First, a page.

We're picking up that deep chasms have formed in both the local GOP and Democratic teams, with factions headed in opposite directions in who they will support for county judge and state rep in November
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Update, Aug. 30 – Hays County Judge candidate Dr. Bert Cobb is recovering from back-to-back back surgeries. We wish him a speedy recovery.
By Bob Ochoa
Political signs are springing up all over the county, signaling the start of an election campaign season that is sure to be a humdinger. NFL fans also are gearing up for football season. We'll see if the preseason top-seeded Cowboys can make it all the way this time. After many fumbled tries, they certainly are overdue a trip to the Super Bowl.
We are longtime Cowboy fans and eagerly anticipate the upcoming game action, but the Roundup's focus will be on the Nov. 2 general election. The question "Do we really want the worst-ever Texas Governor Rick Perry hanging around for another four years?" will be at the top of the ballot, followed by State Court of Appeals, Railroad Commissioner and so forth, and on down to State Representative (District 45), Hays County Judge, two county commissioner seats (Precincts 2 & 4), and more. Early voting starts Oct. 18. If you are not registered to vote, please do so and join in on the fun. Oct. 4 is the registration deadline for the Nov. 2 general election. For more information, contact the Hays County Elections Office at 512.393.7310, or visit their website: http://www.elections.co.hays.tx.us/
We hear that San Marcos doctor Bert Cobb (R) is out shaking voters' hands and making new friends. Cobb was a virtual political unknown before he unexpectedly won the GOP nomination for Hays County Judge in the March primaries. We like it that Dr. Cobb is not well schooled in the art of politics, he's just straight "Cobb" – what you see is what you get. We also like it that Cobb is a Master Naturalist and Texas Watershed Steward. Here's what he says in his website: "As Hays County grows, we must ensure that future growth complements our community rather than detracting from it." In contrast, Pct. 2 County Commissioner Jeff Barton (D-Mountain City/Buda/Kyle) is an old political pro, slick, self assured (as a campaigner), and he's also not so good at returning constituents' phone calls. Seems he's been spending a lot of time at his other job with an engineering firm in Austin. We expect Barton will out-raise and out-spend Cobb during the campaign. And we expect a large portion of Barton's money will come (already has) from outside the county, some of it from parties that do business with the county.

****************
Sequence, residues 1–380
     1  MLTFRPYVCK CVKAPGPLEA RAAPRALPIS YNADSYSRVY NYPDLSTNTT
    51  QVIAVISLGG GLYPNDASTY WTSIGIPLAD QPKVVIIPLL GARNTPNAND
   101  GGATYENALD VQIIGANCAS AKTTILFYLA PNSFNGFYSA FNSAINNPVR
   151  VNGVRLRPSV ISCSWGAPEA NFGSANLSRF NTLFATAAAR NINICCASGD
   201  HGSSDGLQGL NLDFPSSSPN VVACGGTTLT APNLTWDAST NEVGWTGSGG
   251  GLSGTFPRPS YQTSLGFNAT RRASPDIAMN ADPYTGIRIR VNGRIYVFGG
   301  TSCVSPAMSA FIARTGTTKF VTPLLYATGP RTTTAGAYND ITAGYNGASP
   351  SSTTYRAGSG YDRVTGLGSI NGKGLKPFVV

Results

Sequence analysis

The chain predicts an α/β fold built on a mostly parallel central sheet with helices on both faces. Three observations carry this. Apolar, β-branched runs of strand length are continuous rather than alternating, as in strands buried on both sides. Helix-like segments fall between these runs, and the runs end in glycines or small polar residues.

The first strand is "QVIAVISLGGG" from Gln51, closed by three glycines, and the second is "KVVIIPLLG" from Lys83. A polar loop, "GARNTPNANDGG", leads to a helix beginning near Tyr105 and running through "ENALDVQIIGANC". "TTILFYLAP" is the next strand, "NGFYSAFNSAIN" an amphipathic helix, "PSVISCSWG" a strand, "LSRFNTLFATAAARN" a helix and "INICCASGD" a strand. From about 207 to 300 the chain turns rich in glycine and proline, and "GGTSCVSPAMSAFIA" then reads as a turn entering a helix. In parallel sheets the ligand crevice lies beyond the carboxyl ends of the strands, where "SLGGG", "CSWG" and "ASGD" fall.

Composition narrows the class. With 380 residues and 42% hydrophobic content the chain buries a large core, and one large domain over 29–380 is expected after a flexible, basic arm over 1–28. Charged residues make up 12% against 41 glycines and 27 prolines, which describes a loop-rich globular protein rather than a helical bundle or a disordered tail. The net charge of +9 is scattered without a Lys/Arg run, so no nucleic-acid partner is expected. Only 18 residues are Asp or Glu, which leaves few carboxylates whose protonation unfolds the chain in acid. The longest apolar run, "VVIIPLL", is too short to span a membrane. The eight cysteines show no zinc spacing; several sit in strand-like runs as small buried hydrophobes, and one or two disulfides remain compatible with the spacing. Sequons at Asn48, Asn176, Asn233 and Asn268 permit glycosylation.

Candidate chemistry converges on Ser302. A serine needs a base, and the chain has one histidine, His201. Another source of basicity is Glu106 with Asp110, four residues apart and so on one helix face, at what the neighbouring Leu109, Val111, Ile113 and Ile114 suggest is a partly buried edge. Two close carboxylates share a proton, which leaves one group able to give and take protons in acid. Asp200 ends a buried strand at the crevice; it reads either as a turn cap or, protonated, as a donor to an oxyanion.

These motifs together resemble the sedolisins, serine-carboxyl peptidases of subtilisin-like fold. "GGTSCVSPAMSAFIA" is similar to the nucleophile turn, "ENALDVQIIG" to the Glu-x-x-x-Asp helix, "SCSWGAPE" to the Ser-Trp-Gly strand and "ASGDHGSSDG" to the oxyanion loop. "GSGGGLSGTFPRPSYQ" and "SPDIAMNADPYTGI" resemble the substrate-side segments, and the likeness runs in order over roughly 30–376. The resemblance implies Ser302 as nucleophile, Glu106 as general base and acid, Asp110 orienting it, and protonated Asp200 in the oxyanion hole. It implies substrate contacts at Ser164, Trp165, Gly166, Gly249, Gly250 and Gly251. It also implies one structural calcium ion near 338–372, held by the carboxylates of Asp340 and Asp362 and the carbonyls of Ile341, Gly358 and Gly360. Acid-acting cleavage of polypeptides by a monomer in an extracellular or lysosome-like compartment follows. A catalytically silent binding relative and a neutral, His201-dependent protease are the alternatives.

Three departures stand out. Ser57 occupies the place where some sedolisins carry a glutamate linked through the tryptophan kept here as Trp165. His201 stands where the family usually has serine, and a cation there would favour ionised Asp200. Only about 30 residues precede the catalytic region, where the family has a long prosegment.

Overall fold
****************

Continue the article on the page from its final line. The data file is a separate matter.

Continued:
The outcome of these races will say a lot about what kind of direction voters want to take on growth and development in the county, the management of our water resources, and of course, the level of cronyism we are, or are not, willing to accept.
Deep chasms, and Conley fading
A well informed source told the RoundUp, for example, that "maintstream Republicans (some "heavy hitters" among them) have walked away from Conley." HONESTY, HONESTY, HONESTY is what they want from their elected officials and candidates. "They don't like being told one thing and they go and do something else. They don't want to go back to Powers' (former Republican County Judge Jim Powers) time" of low levels of on-the-job service and accessibility. Cobb "at least is someone not tied to anyone. That's what Republicans and Democrats are seeing . . . they don't believe Barton will listen or can learn anything at this point."
Elections, NfL kickoffs
Labor Day is the traditional political campaign season kickoff. This year it falls on Monday, Sept. 6. The NFL's kickoff game is scheduled Sept. 9 with a rematch of last year's NFC Championship Game between the New Orleans Saints and the Minnesota Vikings. The Cowboys travel to D. C. for their opener against the Redskins on Sept. 12. Sizing up the strenghs and weaknesses of your favorite teams and players is much akin to sizing up your candidates for public office. Let's break out the drinks and snacks and have some fun! Keep your eyes on the ball, and remember to keep sending your news tips to the RoundUp.